In 2015, The National Health and Medical Research Council was accepting public submissions regarding sex selection in IVF procedures. It has previously prohibited non-medical sex selection.

This is one of two responses we’ve published on our website. Don’t agree with Julian? Check out Tamara Kayali Browne‘s piece, which argues that IVF sex selection is unethical.

Current NHMRC guidelines prohibit non-medical sex selection by any means. Victoria, Western Australia and South Australia have specifically legislated to ban sex selection using assisted reproduction.

The guidelines are now under review, providing the Australian public, the NHMRC and professionals an opportunity to re-examine their opposition to sex selection.

Opposition to the legalisation of non-medical sex selection illustrates a misunderstanding of the role of law in civil society. If A wants to do X, and B wants to assist A to do X for a price, the sole ground for interfering in their freedom is they will harm someone. Moral disapproval is not a ground for a legal ban.

Who would be harmed by allowing sex selection?

The most obvious candidate is the child. Call him John. The basis of most legislation in assisted reproduction is that the best interests of the child must be paramount. However, it is not against the interests of John to be conceived by sex selection. Indeed, if IVF and sex selection were not performed, John would not exist. John owes his very existence to the act of sex selection.

There is another kind of harm often invoked in these kinds of debates – a moral harm. John is being used as a means to his parents’ ends of having a child whom they have stereotyped goals for. John is being used as an instrument.

People intuitively believe that children should be “gifts”, not valued for particular characteristics, such as sex, intelligence or athletic ability. We ought to give them their own opportunity to make their own life. That is, they should have a right to an open future.

Enter Immanuel Kant

Such objections are best expressed by German philosopher Immanuel Kant, who said people should always be treated as an end, and never a means.

But what Kant actually said is never treat people merely or solely as a means. We treat people as a means all the time – shopkeepers, salesmen, repair people and doctors. We respect adults by obtaining their consent to treat them as a means.

It is not possible to obtain consent from children – particularly not regarding their creation. What then does it mean to treat a child merely as a means?

People have children for all sorts of reasons – to be a sibling, to hold a marriage together, to care for parents, to be a companion, to realise the parent’s dreams, to take over the family business or to be king of England. Ethically, these reasons aren’t important. What matters is how well they treat their child once it is born, whether male, female, disabled, tall, short, come what may.

Something like this kind of “instrumentalisation” objection might be behind the NHMRC’s policy:

A conditional life

The Australian Health Ethics Committee believes that admission to life should not be conditional upon a child being a particular sex.
Equality of all people should not be conditional upon any characteristic, such as their sex. But there is a distinction between continued existence and coming into existence. Continued existence should not be conditional on sex.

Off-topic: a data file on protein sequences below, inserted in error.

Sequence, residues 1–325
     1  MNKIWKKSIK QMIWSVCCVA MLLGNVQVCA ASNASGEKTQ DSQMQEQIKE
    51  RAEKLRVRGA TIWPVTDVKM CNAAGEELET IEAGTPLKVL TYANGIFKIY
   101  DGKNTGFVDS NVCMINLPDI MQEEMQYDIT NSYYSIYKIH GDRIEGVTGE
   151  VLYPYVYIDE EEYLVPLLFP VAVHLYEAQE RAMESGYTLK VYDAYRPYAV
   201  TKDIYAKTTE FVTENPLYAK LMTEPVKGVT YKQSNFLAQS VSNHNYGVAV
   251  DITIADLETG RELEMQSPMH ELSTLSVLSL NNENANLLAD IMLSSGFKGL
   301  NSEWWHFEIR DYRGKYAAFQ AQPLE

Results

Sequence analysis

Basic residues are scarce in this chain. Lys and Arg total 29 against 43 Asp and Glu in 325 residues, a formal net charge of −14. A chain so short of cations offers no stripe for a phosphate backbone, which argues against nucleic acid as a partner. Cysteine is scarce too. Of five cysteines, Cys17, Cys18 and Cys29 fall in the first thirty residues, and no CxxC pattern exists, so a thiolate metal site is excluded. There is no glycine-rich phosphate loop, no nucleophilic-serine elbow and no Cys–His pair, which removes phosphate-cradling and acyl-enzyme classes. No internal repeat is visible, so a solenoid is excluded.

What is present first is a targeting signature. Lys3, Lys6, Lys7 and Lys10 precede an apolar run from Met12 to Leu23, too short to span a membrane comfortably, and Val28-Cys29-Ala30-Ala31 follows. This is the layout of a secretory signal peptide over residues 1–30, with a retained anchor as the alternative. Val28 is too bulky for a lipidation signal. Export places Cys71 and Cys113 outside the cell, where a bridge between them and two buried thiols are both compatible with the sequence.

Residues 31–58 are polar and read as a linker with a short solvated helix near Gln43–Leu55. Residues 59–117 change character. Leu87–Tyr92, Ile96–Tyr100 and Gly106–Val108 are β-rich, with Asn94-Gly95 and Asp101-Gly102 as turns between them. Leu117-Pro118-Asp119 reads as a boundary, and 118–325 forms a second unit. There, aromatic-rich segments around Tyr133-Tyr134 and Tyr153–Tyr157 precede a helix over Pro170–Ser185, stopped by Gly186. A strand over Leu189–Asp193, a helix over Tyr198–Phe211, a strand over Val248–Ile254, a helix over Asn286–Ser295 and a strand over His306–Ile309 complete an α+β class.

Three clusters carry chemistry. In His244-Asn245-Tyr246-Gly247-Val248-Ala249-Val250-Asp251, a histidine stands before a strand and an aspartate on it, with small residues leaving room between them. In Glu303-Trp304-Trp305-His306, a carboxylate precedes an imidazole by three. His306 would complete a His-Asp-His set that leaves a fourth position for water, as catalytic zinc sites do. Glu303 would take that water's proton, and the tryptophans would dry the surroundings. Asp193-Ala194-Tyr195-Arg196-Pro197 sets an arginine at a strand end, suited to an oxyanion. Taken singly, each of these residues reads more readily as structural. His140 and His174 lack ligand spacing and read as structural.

It might be thought the same follows for admission to life. But the NHMRC does allow medically motivated sex selection to guard against certain diseases and disabilities. This suggests admission to existence can be “conditional” upon being healthy and non-disabled.

What “conditional” means here is “based on reasons”. One can have children for reasons, such as being of certain sex, having certain abilities, being healthy or not disabled. As long as one loves the child, gives the child an open future and good life, having reasons to have that child is perfectly ethically acceptable.

For example, a father wants to have a son to take to football matches. He therefore moulds the child to his needs by sex selecting. He can still treat the child, once born, as an end by respecting the child’s own decision to pursue an interest in music instead.

Harmful sexist stereotypes

The final alleged harm is to society, either by reinforcing sexist stereotypes or disturbing the sex ratio. In some parts of India and China, there are six males to five females.

Such harms could be real and might be a legitimate basis for interfering in liberty. But another basic principle is that the least liberty-restricting (least coercive) means should be adopted to prevent harm.

The present ban on non-medical sex selection is very wide-ranging and coercive. Are there less coercive means that would allow some sex selection but not reinforce sexist stereotypes and disturb the sex ratio? There are at least three better policies:

  1. Sex selection only in favour of girls.
  2. Sex selection for family balancing. That is, sex selection for the second or third child, when the existing children are all of one sex and the preference is for the opposite sex. In Australia, this is the most common reason for sex selection and a little more than 50 percent select girls.
  3. Incidental sex selection. A couple having IVF and genetic diagnosis for infertility and screening of disorders, could be allowed to express a preference over the healthy embryos, at the discretion of their doctors.

Each of these strategies is less liberty-restricting and would protect the public interest.

There are no good grounds for the blanket ban on sex selection. Sex selection does not harm the child and any collateral harm (due to discrimination) can be controlled in better ways. A blanket ban is unethical, excessively restricting procreative liberty.